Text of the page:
A new tavern opened in town one day, called Fourteen Gates by its host. The walls were built of rough stone, well mortared, and the floor of dark waxed wood. The roof was slated and pitched, surmounted by an iron ghost-chaser; the roof tree and supporting beams within were left bare, except for shadows.

Each table was cut from heavy slabs of blond wood, sanded smooth and waxed, supporting a single candle in a sleeve of amber glass, so that in all of that rough, dark space the tables were bubbles of light.

At the end of each day, when the first stars stood trembling like tears in heaven's face, the tavern opened. Curious folk from around the town gathered at the tables, and were served soft wine by a grave youth and a pensive maiden, alike enough in feature and habit to be twins.

On that first night, when the last of day's light had fled, the host came into the room, barely glimpsed in the dark spaces between the tables, settled upon a high, solitary stool placed in the center of the room, and spoke softly, so that all of the company fell silent to hear. "There are fourteen gates," said the host, "this is the first", and told a tale of a deep canyon in the desert, and of the woman who lived there, and how she could take into her hand a stone in which had been caught the remains of a shallow-sea creature long dead, and breath upon it, so that it stirred to life on her palm, the prisoning rock falling away in a tumble of wet sand. When the tale was finished, the host stood and left the silent room. Presently the company stirred and left the tavern, each to their homes, and sought their beds, and dreamt.

On the second night more had gathered, for those who were there on the first night told their friends of Fourteen Gates, and word had spread. This night the host spoke of a desert, vast and still, and of fallen pillars like broken teeth lapped about by sand, that marked where a thriving city had once stood, and of the strange, terrible fate it had suffered because its people were proud, and its gods resented pride in any save themselves.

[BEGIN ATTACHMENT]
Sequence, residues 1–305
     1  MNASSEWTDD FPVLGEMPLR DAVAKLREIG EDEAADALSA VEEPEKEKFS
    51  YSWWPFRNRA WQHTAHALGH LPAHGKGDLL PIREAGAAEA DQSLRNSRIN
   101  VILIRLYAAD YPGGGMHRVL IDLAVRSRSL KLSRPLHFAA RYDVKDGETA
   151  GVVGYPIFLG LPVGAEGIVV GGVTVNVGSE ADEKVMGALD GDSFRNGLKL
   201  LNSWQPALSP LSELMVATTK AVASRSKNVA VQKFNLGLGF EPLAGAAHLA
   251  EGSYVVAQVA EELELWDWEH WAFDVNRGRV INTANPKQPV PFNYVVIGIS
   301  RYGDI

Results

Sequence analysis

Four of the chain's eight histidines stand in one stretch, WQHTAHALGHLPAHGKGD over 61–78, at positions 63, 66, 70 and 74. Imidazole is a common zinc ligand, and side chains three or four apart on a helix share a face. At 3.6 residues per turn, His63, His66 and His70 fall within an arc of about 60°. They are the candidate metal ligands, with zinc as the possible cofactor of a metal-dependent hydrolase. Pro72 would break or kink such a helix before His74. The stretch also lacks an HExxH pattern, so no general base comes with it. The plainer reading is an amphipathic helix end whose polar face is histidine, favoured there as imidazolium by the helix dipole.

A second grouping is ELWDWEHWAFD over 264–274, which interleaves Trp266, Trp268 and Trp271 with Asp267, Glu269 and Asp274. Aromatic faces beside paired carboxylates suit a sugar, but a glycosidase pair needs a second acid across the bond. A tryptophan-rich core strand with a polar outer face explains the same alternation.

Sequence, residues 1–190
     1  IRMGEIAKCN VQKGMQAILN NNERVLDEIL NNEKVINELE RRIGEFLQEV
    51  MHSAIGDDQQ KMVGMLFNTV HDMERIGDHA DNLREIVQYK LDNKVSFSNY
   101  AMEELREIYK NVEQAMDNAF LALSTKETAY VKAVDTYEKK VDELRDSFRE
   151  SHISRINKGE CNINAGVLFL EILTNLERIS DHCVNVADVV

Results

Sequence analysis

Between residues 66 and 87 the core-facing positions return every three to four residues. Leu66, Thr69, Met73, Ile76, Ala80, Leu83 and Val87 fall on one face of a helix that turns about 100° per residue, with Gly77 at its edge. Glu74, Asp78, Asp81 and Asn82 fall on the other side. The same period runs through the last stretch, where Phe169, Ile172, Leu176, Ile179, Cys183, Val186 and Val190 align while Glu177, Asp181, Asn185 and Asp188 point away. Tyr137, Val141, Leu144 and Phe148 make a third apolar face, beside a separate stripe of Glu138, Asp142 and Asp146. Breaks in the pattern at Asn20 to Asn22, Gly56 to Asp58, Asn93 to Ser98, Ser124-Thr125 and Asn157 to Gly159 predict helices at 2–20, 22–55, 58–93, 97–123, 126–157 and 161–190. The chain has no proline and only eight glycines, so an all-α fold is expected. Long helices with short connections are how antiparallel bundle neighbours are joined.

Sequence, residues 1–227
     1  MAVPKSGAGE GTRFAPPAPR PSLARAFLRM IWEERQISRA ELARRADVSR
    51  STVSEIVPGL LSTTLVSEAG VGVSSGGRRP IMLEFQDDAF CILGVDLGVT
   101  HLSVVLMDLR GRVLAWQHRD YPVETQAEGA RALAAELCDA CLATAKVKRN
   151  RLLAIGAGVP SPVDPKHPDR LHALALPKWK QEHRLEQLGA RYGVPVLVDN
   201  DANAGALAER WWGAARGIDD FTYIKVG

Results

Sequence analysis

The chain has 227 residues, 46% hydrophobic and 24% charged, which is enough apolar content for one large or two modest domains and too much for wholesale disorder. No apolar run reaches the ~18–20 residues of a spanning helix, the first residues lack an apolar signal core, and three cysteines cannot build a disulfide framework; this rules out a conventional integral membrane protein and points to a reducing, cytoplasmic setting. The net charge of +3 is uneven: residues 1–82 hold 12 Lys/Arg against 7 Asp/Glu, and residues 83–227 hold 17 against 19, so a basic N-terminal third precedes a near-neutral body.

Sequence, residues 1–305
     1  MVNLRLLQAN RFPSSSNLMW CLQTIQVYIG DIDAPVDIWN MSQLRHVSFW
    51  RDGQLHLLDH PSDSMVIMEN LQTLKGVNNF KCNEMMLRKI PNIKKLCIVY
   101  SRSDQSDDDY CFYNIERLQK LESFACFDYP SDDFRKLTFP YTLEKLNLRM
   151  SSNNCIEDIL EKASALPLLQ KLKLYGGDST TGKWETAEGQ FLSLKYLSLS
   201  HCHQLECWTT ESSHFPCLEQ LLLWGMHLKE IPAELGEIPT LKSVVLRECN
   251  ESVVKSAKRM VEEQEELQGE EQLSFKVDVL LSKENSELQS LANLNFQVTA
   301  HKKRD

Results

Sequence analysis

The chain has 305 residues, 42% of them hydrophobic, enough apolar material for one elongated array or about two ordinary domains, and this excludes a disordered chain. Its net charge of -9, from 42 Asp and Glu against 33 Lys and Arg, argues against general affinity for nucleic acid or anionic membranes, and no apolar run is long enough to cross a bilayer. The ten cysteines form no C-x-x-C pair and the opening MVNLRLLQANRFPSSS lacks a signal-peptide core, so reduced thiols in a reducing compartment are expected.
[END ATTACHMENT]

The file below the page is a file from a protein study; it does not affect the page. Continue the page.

The third night was a gate to a living city, bright above and dark at its roots, where a child slept upon rooftops by day and learned to be a thief by night, and stole one night into the Houses of Power, evading its fearsome guardians, to bear forth in triumph the Flame of Truth, for which he was rewarded with scorn and fear.

And so it went, each night a gate to a gem dark or bright, until the fourteenth gate was shut. Into the quiet that was left, the host said "That is all." The next day the tavern was gone, each and every stone and timber, as if it had never been. People wondered for a while, as they pursued their daily lives. Many soon forgot the tavern and its host. Some felt an emptiness to which they soon became accustomed, and forgot. Others tried to fill the void by seeking out more such tales. Some went so far as to write tales of their own. And I have heard that a tavern called Fourteen Gates has opened, in a town a very far distance from here.

Tim Eagen
April, 1997